Tuesday, October 17, 2006
# Posted 12:38 AM by Ariel David Adesnik
Yet strangely enough, even the mendacious anti-American propagandists over at Iraq Body Count are rejecting the figure of 655,000 as absurd. (Hat tip: Glenn again) IBC's arguments seem sensible, but they are so untrustworthy I still won't believe them even when they seem to have no political motive.
In addition, I'd like to respond to IBC's statement that:
Totals of the magnitude generated by this study are unnecessary to brand the invasion and occupation of Iraq a human and strategic tragedy.No, not a strategic tragedy. A strategic success. The insurgents and their foreign allies sought to murder as many Shi'ites as possible in order to provoke a brutal reaction, a civil war, and ultimately an American withdrawal. The brutal reaction has begun. So has something akin to a civil war. Pressure for an American withdrawal continues to mount.
IBC's references to the "invasion" and "occupation" as the problem are a distraction. The insurgents and their allies decided to make Iraq this way, just as Saddam made it before the invasion. That is the human tragedy.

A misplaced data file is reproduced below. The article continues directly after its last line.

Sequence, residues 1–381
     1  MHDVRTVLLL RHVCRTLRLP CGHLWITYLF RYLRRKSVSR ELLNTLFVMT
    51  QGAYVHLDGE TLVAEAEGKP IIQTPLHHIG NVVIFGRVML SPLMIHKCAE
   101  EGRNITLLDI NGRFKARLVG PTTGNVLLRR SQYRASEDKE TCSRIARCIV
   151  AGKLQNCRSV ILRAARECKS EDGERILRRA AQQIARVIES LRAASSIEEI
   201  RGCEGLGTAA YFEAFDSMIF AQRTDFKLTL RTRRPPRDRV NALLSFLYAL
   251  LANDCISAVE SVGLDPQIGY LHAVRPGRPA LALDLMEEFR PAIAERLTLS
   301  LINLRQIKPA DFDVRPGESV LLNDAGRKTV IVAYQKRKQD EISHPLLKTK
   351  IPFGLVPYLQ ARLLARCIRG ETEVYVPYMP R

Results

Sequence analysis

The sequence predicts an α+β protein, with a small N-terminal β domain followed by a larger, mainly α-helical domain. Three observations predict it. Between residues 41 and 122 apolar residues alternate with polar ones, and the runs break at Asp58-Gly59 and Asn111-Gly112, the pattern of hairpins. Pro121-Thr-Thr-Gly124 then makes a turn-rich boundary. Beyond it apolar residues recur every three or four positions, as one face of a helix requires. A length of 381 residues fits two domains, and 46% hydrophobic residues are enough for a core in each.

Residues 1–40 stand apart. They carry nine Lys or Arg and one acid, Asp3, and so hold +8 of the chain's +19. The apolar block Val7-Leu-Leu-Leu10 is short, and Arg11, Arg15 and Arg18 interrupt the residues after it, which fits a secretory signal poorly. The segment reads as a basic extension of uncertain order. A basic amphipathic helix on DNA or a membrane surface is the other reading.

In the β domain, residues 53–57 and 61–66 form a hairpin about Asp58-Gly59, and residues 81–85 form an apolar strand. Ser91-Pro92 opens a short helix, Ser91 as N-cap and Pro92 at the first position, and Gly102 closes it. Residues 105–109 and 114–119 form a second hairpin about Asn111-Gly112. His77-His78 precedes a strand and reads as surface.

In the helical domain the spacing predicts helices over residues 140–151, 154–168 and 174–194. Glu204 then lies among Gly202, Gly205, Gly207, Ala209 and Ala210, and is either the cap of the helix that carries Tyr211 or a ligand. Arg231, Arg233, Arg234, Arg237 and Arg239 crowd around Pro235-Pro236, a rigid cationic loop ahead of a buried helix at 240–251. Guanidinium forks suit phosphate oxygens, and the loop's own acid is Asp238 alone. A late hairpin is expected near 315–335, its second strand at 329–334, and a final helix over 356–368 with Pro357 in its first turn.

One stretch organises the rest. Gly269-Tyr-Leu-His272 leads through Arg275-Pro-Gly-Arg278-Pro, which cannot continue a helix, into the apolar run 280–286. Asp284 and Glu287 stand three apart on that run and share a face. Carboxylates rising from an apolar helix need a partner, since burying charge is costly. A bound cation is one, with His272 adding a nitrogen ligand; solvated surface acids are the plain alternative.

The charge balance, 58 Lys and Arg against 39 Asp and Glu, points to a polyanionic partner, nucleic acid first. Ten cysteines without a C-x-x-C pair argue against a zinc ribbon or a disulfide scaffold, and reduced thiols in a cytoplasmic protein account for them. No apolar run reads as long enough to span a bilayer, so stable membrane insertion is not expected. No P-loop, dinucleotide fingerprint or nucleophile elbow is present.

No back to the study for a moment: Have you had a look at it, Taylor? You seem to share my somewhat morbid interest in the subject of mass casualties (and how, in an ideal world, we might prevent them). Any thoughts? (17) opinions -- Add your opinion
Well, the methods used seem pretty sound, and since two of the participating academic groups are based at Johns Hopkins and MIT, working with field researchers from Al Mustansiriya University in Baghdad using standard techniques for extrapolating from a statistically valid sample of more than a thousand families, we're looking at a very high degree of credibility here. The onus is on doubters to get better data and more accurate results. To just dismiss the Lancet-published study out of hand is completely unprofessional, dishonest or stupid - take your pick.
Here's a quote from the relevant MIT web page (see http://web.mit.edu/CIS/):
"The School of Medicine at Al Mustansiriya University in Baghdad, Iraq, and The Bloomberg School of Public Health at Johns Hopkins University--in cooperation with MIT's Center for International Studies--have released a report on the under-examined question of civilian deaths in Iraq since the U.S. invasion in March 2003. Its central conclusion, based on a population-based survey conducted at some risk by a team of Iraqi and American public health researchers, is that approximately 600,000 people have died violently above the normal mortality rate. Including non-violent deaths that are nevertheless linked to the war, the total is estimated to be more than 650,000."